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Early American ironwork will be examined, for both its vital functionality and its artistic beauty, in a new exhibit opening soon at Colonial Williamsburg’s Abby Aldrich Rockefeller Folk Art Museum.
Entitled “From Forge and Furnace: A Celebration of Early American Iron,” the exhibit will open Nov. 24 and remain on view indefinitely.
In the 18th and early 19th centuries, objects made of iron – from tiny cookie cutters to massive stoves – were the essential wares of everyday life and commerce in America, according to a news release from Colonial Williamsburg.
“From Forge and Furnace” will feature nearly 100 such objects, including weathervanes and decorative eagles; utilitarian objects such as hinges, a pot lifter and a soldier-shaped doorstop; kitchen equipment such as wafer irons, ladles, skewers and toasters; household accessories such as firebacks and a miniature flat-iron; chandeliers and other lighting fixtures; and tools such as an eel spear, a branding iron, a gardening claw and an anvil.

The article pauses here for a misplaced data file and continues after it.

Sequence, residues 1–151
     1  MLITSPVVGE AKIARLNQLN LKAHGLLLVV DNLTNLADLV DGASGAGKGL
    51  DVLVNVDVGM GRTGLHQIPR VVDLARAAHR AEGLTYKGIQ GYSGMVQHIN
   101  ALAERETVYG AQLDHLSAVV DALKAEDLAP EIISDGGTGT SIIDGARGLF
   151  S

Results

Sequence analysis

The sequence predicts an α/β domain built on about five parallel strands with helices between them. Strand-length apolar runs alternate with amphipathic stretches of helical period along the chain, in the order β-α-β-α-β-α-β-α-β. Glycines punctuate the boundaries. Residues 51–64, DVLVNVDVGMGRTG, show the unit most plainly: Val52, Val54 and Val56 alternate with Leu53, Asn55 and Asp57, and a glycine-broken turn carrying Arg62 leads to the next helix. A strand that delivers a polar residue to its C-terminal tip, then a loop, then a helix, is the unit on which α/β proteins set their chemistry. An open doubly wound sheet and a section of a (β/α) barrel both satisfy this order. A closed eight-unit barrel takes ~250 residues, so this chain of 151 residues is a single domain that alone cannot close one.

“Things made of iron are so commonplace, and have been for so long, that they are generally overlooked and taken for granted,” Erik Goldstein, Colonial Williamsburg’s curator of mechanical arts and numismatics, who curated the exhibit, said in the release. “By gathering a wide variety of implements because they are all made from this metal, “From Forge and Furnace” shows how truly beautiful and indispensable iron was to early Americans.”
A highlight of the exhibit is a four-foot-tall, hollow, cast-iron statue of George Washington dressed in a toga. Its design is closely related to that used for the creation of a marble statue of America’s first president created in 1826 for the Massachusetts State Capitol Building in Boston.
The Art Museums of Colonial Williamsburg are located at the intersection of Francis and S. Henry streets in Williamsburg, and are entered through the Public Hospital of 1773. The museums are open from 10 a.m. to 7 p.m. daily.
Additional museum program information is available by calling (757) 220-7724.